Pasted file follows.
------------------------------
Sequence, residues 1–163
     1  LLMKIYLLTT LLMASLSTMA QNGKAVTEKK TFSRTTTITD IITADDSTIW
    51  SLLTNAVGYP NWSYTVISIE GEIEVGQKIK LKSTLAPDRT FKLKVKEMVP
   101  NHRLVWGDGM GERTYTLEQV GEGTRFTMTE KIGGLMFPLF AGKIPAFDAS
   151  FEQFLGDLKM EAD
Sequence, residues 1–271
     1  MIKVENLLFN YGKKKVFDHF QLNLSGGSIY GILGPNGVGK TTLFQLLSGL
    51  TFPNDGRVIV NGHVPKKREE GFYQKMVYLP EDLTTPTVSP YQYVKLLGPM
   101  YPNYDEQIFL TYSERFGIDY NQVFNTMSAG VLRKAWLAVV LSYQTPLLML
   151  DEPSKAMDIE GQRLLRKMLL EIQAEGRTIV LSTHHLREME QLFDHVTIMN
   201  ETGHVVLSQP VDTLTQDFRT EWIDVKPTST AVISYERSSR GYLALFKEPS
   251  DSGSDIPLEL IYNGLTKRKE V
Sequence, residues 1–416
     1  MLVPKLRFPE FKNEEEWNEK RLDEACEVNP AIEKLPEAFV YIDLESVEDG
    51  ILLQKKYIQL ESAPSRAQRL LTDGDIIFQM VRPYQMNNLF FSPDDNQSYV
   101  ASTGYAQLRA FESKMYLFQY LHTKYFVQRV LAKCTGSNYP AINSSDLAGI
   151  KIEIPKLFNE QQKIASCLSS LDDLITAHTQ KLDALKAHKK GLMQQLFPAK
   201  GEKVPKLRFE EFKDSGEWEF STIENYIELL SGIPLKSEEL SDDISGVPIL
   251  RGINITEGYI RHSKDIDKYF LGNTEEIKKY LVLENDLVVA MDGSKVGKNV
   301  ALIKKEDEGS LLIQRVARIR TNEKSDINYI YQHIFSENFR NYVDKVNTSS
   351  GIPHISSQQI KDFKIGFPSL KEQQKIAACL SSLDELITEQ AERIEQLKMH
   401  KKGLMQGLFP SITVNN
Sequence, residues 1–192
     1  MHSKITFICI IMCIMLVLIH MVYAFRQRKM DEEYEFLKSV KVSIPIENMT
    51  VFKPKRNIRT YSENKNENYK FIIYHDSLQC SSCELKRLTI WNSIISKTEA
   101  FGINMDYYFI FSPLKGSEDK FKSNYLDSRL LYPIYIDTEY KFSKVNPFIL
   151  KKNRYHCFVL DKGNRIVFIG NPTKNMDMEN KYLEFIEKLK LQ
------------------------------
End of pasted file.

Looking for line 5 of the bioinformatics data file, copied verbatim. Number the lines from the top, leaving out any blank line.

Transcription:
   151  FEQFLGDLKM EAD